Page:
Staff working at this Centre understand that Spinal Cord Injury is a significant life changing event – however, we do not accept that it is life limiting.
We believe that your time spent within the Spinal Cord Injuries Centre is the beginning of a new journey.
The main philosophy of the Centre is to offer you support and information that enables you to have normal relationships and to live your life as independently and as complication free as possible.
Life does go on and it can be just as rich and fulfilling as it was before.
Your first few weeks after discharge
Despite all the preparation, it is common to feel overwhelmed when you first leave the Centre.
To help you cope during this time:
- Use the daily self-care skills you learned during rehabilitation. These are the tasks you need to do every day to keep your body healthy.
- Follow your treatment care plan, including bowel and bladder care, transfers, and taking medicines.
- When you face a new task or situation, remember how you managed challenges during your initial recovery.
- Take large tasks and break them into smaller, more reasonable goals. As you reach each goal, set a new one. In this way, you will build the skills you need to face even the biggest challenge.
- Stay positive. Take note of every success, met goal, and move in the right direction, no matter how small. Think of these anytime you feel discouraged.
After you are discharged, our Outpatient and Community Liaison services offer lifelong follow up and support to help to keep you well, to problem solve when things go wrong and to avoid complications
We have excellent links with partner organisations such as Back up, Aspire, Wheelpower and the Spinal Injuries Association (SIA) which can provide useful networks and support for those with a spinal cord injury, both while you are an inpatient and after discharge. Click here for more information.
Sexuality and Parenting
Even though it is a key element of meaningful human relationships, sexuality can be a taboo subject. Your sexuality is what guides you in how you relate to others through friendship, love, affection, and intimacy.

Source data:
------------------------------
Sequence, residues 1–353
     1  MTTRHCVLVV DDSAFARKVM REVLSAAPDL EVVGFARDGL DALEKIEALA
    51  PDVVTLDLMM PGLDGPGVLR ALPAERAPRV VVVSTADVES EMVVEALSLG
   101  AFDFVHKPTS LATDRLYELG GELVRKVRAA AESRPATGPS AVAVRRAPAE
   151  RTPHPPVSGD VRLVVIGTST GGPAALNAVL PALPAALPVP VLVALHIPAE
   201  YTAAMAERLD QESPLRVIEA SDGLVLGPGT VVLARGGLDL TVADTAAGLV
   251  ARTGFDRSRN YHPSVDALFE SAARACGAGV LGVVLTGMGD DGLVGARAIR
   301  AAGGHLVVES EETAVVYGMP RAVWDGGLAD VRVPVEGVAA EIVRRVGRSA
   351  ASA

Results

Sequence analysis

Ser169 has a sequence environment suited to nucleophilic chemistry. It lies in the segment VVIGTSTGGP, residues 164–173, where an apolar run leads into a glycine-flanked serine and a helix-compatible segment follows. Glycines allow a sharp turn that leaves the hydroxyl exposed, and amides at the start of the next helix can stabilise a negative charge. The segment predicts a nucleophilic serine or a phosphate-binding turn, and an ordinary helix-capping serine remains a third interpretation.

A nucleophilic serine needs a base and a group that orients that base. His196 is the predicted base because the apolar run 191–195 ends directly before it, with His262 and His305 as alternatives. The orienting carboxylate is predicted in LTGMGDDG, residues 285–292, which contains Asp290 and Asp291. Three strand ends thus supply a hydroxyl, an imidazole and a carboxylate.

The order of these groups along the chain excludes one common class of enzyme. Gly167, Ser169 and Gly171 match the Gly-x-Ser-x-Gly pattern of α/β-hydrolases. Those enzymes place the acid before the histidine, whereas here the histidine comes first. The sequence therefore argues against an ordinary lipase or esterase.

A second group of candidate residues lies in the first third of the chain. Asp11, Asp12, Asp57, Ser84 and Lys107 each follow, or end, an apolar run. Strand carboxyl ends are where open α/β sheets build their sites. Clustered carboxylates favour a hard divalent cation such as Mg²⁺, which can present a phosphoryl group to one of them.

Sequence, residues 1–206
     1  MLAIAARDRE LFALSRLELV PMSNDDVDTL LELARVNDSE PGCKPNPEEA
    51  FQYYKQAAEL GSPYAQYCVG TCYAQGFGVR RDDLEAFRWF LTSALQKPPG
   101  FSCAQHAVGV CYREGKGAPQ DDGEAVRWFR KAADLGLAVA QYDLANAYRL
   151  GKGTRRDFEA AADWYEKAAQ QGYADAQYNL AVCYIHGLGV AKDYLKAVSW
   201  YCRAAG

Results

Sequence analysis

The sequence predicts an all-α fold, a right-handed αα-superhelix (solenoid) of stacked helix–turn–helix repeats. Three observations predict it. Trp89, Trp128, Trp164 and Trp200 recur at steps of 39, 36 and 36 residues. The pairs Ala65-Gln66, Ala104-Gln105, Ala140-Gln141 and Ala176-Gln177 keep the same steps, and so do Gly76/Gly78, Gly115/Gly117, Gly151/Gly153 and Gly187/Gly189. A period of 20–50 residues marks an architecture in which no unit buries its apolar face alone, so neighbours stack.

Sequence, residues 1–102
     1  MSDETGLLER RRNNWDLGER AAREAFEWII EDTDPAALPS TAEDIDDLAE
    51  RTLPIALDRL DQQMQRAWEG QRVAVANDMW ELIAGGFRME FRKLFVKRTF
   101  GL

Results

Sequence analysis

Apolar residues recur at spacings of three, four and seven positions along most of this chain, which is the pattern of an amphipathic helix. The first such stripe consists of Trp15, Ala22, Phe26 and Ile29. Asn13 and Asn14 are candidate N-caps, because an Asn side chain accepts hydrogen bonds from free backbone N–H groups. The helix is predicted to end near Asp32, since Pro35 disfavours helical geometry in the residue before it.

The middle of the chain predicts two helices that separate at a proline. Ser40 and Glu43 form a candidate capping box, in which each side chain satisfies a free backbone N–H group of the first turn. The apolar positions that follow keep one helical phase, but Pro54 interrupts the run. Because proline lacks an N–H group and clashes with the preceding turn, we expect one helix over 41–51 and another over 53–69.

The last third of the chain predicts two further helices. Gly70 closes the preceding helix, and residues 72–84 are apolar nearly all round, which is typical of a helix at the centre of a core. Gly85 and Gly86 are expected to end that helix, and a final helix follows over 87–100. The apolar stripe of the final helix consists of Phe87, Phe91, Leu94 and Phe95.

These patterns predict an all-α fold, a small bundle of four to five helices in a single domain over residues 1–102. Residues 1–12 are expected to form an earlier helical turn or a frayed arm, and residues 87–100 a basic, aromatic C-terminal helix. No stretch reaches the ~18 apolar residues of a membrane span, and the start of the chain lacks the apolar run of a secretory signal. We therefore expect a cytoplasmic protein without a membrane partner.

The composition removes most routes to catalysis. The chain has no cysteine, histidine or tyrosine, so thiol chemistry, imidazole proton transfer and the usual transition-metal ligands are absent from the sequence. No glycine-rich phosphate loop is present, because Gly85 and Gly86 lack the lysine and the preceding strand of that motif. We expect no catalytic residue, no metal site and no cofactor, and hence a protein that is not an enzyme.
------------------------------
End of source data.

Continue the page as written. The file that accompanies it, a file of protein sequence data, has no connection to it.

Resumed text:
Spinal Cord Injury can sometimes impact how you think and feel about yourself and your roles and relationships. Loss of movement or sensation does not devalue you as a person or change the fact that you are a desirable sexual being.
You are more likely to feel desirable and want to fully express your sexuality if you understand your body and feel comfortable with yourself and your personal identity.
Although having a Spinal Cord Injury can make the process of conceiving more challenging, it doesn’t affect your ability to be a good parent.
Employment and Vocational Support
Many people return to their previous jobs, whilst others use the opportunity to retrain for a new profession, start new hobbies or take up voluntary work.
As part of your rehabilitation, the Occupational Therapy team can discuss your vocation and offer support and advice on returning to a vocation post-spinal cord injury. The Occupational Therapy team run regular vocational clinics, working closely with the Spinal Injuries Association (SIA) Vocational Support Officer. This provides an opportunity to discuss your return to work, education, training or volunteering. Your local SIA peer support officer will also provide on-going support post-discharge.
Going on Holiday
To the uninitiated, the prospect of going on holiday can seem daunting. It’s normal to have fears about the unfamiliar. Of course, going on holiday may not be quite as straightforward as for those without SCI, but with the right support and planning it can become a reality.
If you have concerns about planning a future holiday, whilst receiving care at the Centre, you can speak to your Occupational Therapist.
SIA has gathered a wealth of information to help you plan for a holiday - Spinal Injuries Association – Taking holidays
Bard Care guide: Can I still go on holiday? An Insider's guide to travel with spinal cord injury